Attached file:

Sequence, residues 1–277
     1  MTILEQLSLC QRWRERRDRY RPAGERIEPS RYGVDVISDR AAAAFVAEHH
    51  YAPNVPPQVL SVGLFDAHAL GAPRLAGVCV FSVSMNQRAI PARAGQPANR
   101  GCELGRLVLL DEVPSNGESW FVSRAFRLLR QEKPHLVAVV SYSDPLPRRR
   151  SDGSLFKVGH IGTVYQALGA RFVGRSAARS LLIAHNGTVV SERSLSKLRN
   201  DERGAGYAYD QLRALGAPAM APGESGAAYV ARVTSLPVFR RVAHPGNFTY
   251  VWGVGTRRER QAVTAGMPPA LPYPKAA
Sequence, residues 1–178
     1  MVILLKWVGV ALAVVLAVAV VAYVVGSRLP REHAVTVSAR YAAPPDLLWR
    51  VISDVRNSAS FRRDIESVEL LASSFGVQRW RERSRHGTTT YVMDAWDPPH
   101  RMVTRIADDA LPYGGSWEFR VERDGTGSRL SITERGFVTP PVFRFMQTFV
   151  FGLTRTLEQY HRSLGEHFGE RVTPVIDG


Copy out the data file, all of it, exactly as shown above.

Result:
Sequence, residues 1–277
     1  MTILEQLSLC QRWRERRDRY RPAGERIEPS RYGVDVISDR AAAAFVAEHH
    51  YAPNVPPQVL SVGLFDAHAL GAPRLAGVCV FSVSMNQRAI PARAGQPANR
   101  GCELGRLVLL DEVPSNGESW FVSRAFRLLR QEKPHLVAVV SYSDPLPRRR
   151  SDGSLFKVGH IGTVYQALGA RFVGRSAARS LLIAHNGTVV SERSLSKLRN
   201  DERGAGYAYD QLRALGAPAM APGESGAAYV ARVTSLPVFR RVAHPGNFTY
   251  VWGVGTRRER QAVTAGMPPA LPYPKAA
Sequence, residues 1–178
     1  MVILLKWVGV ALAVVLAVAV VAYVVGSRLP REHAVTVSAR YAAPPDLLWR
    51  VISDVRNSAS FRRDIESVEL LASSFGVQRW RERSRHGTTT YVMDAWDPPH
   101  RMVTRIADDA LPYGGSWEFR VERDGTGSRL SITERGFVTP PVFRFMQTFV
   151  FGLTRTLEQY HRSLGEHFGE RVTPVIDG